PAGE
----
Rivian will use its Normal plant to produce the platforms Ford plans to use. They will then be shipped to a Ford assembly plant for the rest of the assembly process — though the Detroit automaker did not offer further details. But the number of skateboard vehicle frames available to Ford could be limited unless Rivian expands capacity or lets Ford produce them elsewhere, analysts said.


Company: cnbc, Activity: cnbc, Date: 2019-04-24  Authors: paul a eisenstein, adam jeffery, source, paul eisenstein cnbc
Keywords: news, cnbc, companies, gm, door, assembly, working, vehicle, platform, wanted, investment, fords, vehicles, ev, plant, ford, products, opening, electric, startup, million, rivian


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BlackRock’s Larry Fink says Middle East must avoid other regional investing mistakes

BlackRock CEO: We will play a role in working with domestic investors in Middle East 39 Mins Ago | 03:29The Middle East must tread carefully to ensure it does not make the same investment mistakes as Europe, according to the CEO of the world’s largest asset manager. “The region should not make the mistakes that so many other regions (have made), like in Europe, where there is such shallow participation by locals in investing in their own capital markets,” he added. International investors flocke


BlackRock CEO: We will play a role in working with domestic investors in Middle East 39 Mins Ago | 03:29The Middle East must tread carefully to ensure it does not make the same investment mistakes as Europe, according to the CEO of the world’s largest asset manager. “The region should not make the mistakes that so many other regions (have made), like in Europe, where there is such shallow participation by locals in investing in their own capital markets,” he added. International investors flocke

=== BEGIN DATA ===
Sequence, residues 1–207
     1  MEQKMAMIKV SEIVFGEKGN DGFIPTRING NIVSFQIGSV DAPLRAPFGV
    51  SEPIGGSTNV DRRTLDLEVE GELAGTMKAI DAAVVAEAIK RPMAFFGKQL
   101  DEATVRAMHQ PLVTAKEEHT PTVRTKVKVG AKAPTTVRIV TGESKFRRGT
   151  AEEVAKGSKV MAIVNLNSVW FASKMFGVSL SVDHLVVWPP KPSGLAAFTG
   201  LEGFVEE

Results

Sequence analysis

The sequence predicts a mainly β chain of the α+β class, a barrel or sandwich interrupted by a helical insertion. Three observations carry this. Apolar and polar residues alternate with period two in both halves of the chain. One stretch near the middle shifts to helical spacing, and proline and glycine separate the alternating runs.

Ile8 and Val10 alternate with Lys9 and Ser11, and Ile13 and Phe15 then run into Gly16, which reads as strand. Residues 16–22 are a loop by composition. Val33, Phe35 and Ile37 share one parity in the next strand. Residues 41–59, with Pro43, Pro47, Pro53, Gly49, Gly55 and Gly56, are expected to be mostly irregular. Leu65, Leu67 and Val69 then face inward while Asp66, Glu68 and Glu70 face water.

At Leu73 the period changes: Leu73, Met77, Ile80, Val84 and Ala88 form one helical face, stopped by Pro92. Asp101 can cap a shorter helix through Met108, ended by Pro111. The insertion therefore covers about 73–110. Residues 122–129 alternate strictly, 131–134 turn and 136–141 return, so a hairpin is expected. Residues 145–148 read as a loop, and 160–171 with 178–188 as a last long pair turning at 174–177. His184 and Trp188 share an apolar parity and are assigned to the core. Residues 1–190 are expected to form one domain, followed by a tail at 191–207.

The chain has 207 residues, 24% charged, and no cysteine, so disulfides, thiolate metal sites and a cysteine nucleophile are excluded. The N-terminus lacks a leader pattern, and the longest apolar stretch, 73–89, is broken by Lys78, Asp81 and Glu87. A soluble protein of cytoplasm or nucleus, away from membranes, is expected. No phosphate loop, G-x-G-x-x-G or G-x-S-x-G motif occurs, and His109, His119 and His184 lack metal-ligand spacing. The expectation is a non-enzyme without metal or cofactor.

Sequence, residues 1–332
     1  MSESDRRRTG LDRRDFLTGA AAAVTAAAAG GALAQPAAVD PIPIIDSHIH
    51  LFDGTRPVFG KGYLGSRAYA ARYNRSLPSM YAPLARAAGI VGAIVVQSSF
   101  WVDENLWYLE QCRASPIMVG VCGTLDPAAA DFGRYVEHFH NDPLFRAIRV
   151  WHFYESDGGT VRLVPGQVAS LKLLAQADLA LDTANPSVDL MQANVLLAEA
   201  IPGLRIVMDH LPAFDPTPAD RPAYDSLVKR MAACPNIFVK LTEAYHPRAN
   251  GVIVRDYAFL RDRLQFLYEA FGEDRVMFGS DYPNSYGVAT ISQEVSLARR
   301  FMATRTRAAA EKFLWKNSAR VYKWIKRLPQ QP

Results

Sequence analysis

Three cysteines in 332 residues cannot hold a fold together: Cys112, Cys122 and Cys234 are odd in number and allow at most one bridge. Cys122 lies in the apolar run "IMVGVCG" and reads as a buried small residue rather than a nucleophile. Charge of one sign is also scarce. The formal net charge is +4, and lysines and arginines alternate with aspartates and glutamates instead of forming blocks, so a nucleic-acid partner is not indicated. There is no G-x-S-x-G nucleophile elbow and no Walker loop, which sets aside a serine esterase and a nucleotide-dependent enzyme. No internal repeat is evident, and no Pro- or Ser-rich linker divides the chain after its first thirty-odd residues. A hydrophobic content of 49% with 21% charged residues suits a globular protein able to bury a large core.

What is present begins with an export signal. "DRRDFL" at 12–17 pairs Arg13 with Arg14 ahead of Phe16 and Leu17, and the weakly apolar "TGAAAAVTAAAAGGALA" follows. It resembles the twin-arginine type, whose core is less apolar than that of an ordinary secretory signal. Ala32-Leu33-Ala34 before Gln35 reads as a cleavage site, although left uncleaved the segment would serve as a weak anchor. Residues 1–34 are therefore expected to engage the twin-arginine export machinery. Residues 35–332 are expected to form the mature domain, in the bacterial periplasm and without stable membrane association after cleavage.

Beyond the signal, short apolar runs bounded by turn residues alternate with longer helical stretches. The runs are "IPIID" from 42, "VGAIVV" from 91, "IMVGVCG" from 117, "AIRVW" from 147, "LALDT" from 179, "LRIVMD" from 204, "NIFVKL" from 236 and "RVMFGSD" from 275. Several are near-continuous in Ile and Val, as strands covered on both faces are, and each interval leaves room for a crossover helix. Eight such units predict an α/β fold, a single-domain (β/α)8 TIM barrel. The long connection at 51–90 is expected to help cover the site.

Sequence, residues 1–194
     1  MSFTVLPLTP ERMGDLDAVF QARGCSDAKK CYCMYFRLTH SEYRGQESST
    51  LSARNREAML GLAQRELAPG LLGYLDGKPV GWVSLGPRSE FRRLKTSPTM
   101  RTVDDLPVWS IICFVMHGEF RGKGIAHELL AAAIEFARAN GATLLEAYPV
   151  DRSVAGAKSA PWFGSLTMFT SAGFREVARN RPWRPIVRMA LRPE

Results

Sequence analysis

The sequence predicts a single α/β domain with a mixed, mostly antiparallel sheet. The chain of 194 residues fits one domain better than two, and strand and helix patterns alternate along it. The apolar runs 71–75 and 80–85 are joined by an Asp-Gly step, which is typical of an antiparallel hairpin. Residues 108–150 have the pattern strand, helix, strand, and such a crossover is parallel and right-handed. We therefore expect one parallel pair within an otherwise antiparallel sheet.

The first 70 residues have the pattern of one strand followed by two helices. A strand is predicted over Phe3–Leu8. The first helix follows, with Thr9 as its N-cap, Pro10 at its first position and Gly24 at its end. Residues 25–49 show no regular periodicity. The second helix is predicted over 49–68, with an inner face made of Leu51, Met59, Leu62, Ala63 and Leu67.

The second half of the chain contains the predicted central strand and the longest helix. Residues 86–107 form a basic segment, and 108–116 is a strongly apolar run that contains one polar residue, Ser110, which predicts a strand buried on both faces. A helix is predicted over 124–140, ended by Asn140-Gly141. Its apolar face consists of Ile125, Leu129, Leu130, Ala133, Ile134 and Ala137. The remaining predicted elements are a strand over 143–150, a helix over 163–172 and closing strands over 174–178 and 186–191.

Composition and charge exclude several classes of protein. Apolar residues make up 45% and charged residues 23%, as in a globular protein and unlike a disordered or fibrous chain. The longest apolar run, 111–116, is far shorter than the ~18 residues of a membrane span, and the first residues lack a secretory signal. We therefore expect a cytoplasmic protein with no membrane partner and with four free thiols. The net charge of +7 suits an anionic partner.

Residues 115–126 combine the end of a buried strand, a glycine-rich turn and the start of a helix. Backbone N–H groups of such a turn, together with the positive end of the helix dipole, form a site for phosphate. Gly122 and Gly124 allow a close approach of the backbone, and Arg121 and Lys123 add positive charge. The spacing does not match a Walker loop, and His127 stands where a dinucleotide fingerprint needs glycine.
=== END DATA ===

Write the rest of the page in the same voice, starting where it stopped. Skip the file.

BlackRock’s Larry Fink says Middle East must avoid other regional investing mistakes Cached Page below :
Company: cnbc, Activity: cnbc, Date: 2019-04-24  Authors: sam meredith
Keywords: news, cnbc, companies, worlds, blackrock, east, investing, domestic, fink, avoid, blackrocks, saudi, mistakes, middle, region, working, investors, larry, regional


BlackRock's Larry Fink says Middle East must avoid other regional investing mistakes

BlackRock CEO: We will play a role in working with domestic investors in Middle East 39 Mins Ago | 03:29

The Middle East must tread carefully to ensure it does not make the same investment mistakes as Europe, according to the CEO of the world’s largest asset manager.

“The only way to get more financial inclusion in this region and every region is to have greater participation in the capital market through equities in their retirement plans,” BlackRock Chief Executive Larry Fink told CNBC’s Hadley Gamble during a panel session in Riyadh, Saudi Arabia on Wednesday.

“The region should not make the mistakes that so many other regions (have made), like in Europe, where there is such shallow participation by locals in investing in their own capital markets,” he added.

His comments come at a time when some of the world’s leading financiers are returning to Saudi Arabia after the oil-rich kingdom held some of the year’s largest merger and bond deals.

International investors flocked to lend money to Saudi Arabia’s hugely profitable state-owned oil company earlier this month.

Demand for Saudi Aramco’s bonds surged above $100 billion, according to a source familiar with the situation, more than 10 times the $10 billion that had been expected.

Nonetheless, BlackRock’s Fink said it would be “essential” for Middle East governments to drum up support from domestic investors too.

“I think that’s going to be one of the critical characteristics to build and BlackRock will play a big role in both working with the domestic savers and building their retirement, plus bringing in international investing to invest side by side,” Fink said.